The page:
In-person legislative receptions are on hold due to the COVID-19 pandemic, so the Lynchburg distiller has invited lawmakers to join a viewing of a Jack Daniel’s documentary from their homes or offices.

“Please mark your calendars for this exclusive opportunity as we toast and honor the Tennessee Legislature,” the invitation says.

Most gifts to lawmakers are banned under ethics rules, though lobbyists and their employers can offer free food and drink as long as each legislator is invited. But those events are generally held off-site when alcohol is involved.

According to the Ethics and Campaign Finance Bureau, Brown-Forman properly applied to hold the virtual reception, although the expense per person is pending. Jack Daniel’s corporate parent Brown-Forman did ask permission from the Ethics Commission, but didn’t run the idea past Senate Speaker Randy McNally (R-Oak Ridge). A spokesman for House Speaker Cameron Sexton (R-Crossville) said he was aware the liquor had been offered to all members.

Longtime Capitol watchers said the whiskey handout reminded them of the time when a liquor lobbyist would cover the the cost of any liquor picked up by legislators at the old Hermitage package store or when a beer lobbyist would place free suds in the car of any member who left their trunk lid open.

Feds rescind effort to lock in Medicaid changes made by Trump administration

Gov. Bill Lee speaks to reporters following his address to a joint convention of the General Assembly on Jan. 19, 2021. (Erik Schelzig, Tennessee Journal)

A little over two weeks before President Donald Trump left office, the Republican administration sent out a letter to states like Tennessee to declare it was locking in any approved changes to Medicaid programs for a period of at least nine months. Democratic President Joe Biden is now rescinding that guidance, meaning that previously approved demonstration projects or waivers could be withdrawn at any time.

The most immediate effect of the move could be a cancellation of work requirements for Medicaid recipients that had been approved in several states. But Tennessee’s first-in-the-nation block grant could also be on the chopping block.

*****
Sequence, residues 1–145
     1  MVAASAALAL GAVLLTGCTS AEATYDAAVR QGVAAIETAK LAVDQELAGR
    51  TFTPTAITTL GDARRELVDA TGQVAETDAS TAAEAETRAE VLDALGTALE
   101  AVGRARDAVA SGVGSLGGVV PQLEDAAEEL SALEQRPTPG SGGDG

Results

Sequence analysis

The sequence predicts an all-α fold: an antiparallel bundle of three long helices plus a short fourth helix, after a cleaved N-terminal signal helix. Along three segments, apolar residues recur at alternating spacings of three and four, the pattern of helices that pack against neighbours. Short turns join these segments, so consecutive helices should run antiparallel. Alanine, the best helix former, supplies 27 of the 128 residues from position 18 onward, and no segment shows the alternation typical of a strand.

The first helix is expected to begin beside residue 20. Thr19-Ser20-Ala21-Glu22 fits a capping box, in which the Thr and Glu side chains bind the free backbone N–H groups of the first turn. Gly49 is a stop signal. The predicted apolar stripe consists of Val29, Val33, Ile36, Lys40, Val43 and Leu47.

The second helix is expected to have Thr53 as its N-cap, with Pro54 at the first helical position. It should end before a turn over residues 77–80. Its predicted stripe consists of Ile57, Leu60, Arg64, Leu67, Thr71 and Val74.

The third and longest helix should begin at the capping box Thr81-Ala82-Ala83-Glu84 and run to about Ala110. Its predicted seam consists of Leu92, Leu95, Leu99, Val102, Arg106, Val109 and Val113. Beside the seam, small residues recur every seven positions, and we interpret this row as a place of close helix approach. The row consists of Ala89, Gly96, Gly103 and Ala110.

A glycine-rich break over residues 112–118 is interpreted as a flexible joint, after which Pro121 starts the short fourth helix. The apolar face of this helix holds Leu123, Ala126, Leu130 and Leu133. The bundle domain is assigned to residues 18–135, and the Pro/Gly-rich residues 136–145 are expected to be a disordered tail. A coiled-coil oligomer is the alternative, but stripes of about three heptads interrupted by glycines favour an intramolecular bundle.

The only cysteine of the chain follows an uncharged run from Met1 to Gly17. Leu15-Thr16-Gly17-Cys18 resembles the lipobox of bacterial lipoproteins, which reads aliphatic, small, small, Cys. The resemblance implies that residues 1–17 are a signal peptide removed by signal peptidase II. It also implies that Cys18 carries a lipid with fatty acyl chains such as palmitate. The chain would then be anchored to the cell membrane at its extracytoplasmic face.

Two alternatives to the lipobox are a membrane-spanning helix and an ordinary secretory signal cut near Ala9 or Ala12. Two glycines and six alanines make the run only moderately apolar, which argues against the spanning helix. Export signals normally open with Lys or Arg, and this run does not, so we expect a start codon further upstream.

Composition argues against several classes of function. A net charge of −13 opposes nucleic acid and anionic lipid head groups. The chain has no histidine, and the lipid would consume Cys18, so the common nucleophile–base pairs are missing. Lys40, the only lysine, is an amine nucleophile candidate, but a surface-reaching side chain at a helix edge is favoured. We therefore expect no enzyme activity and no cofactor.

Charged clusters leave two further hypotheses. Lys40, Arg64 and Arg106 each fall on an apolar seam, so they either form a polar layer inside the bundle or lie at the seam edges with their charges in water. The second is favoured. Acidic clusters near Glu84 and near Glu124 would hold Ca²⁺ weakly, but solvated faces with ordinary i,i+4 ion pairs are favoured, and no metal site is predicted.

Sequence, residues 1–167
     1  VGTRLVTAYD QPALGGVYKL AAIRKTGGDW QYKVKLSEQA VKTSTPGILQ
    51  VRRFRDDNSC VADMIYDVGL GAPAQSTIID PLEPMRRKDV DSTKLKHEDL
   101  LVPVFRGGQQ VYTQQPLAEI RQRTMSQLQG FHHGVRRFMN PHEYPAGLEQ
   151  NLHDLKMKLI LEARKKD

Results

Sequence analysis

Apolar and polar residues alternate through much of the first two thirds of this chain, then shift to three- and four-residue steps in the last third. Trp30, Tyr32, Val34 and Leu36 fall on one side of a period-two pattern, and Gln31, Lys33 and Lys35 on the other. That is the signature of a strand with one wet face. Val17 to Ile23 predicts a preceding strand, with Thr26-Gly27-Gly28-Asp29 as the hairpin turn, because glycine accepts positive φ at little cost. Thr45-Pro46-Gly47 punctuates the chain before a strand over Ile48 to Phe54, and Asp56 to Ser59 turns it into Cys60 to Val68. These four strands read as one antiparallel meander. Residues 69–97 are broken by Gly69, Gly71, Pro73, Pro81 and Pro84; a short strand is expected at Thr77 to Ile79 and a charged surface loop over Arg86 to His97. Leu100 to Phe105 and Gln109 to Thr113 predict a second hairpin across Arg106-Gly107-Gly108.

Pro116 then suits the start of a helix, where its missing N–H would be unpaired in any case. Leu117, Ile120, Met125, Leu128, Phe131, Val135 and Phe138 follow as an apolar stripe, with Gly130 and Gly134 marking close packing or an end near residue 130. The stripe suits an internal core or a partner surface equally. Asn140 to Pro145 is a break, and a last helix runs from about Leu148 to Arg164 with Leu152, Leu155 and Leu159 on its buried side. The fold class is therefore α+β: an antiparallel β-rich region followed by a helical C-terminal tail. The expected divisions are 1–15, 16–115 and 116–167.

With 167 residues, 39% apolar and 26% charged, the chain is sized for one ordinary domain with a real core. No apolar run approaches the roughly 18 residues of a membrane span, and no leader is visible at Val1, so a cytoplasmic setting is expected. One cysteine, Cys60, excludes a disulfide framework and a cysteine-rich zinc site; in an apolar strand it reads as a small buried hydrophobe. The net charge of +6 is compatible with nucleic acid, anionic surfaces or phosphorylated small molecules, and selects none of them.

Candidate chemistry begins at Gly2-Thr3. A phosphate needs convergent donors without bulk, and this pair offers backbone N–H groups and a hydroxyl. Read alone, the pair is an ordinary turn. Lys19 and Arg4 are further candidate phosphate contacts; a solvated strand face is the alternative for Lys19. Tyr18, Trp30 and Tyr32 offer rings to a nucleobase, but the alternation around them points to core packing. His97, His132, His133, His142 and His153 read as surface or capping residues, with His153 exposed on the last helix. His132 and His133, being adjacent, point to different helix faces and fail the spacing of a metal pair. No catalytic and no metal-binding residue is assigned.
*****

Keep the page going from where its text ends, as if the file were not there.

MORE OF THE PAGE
“We’re the first state in America that just got a federal waiver for Medicaid that allows us to share savings with the federal government,” Gov. Bill Lee told the Nashville Area Chamber of Commerce on Tuesday. “There’s a lot of partisan squabbling about that, but that was a business deal that was negotiated over a year-and-a-half that will allow Tennessee to have more money to spend on its Medicaid population than it would have underer a traditional Medicaid agreement.”

Read the full letter from the Centers for Medicare and Medicaid Services to TennCare Director Stephen Smith below.

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Lee joins call for Biden to withdraw moratorium on oil and gas exploration on federal land

Tennessee’s Bill Lee is joining 16 other Republican governors in calling on Democratic President Joe Biden to rescind an executive order placing a moratorium on oil and gas explosion on federal land and offshore.

Most of the governors signing the letter come from major fossil fuel producing states like Alaska, Texas, and Wyoming. By comparison, Tennessee is a bit player in oil and gas exploration.

According to 2014 information from the Tennessee Oil and Gas Association, most of the oil and gas drilling activity was concentrated in 11 counties in the Eastern Highland Rim and the Cumberland Plateau. The biggest producers were Overton, Fentress, Pickett, Morgan, and Clay counties.

Dolly Parton: No thanks to Tennessee Capitol statue

Gov. Bill Lee interviews Dolly Parton on Aug. 5, 2019, in Nashville. (Image credit: State of Tennessee)

Dolly Parton says she’s flattered Tennessee lawmakers want to place a statue of the singer on the state Capitol grounds, but is asking them to remove the legislation to do so from consideration.

“Given all that that is going on the in world, I don’t think putting me on a pedestal is appropriate at this time,” Parton wrote in a tweet. “I hope, though, that somewhere down the road several years from now or perhaps after I’m gone if you still feel I deserve it, then I’m certain I will stand proud in our great State Capitol as a grateful Tennessean.”

It’s not the first time Tennessee lawmakers have been rebuffed in efforts to honor a living figure. Former Gov. Winfield Dunn called an effort to rename the Cordell Hull Building after him “completely out of proportion with the historical context of our state.” He praised the Nobel Peace Prize-winning Hull as an “unblemished representative of what Tennessee is.”

Vote on removal of Forrest bust delayed due to weather

Thursday was supposed to be the last chance for supporters and opponents of moving the Nathan Bedford Forrest bust out of the state Capitol to make their cases to the Tennessee Historical Commission. But the weather has intervened.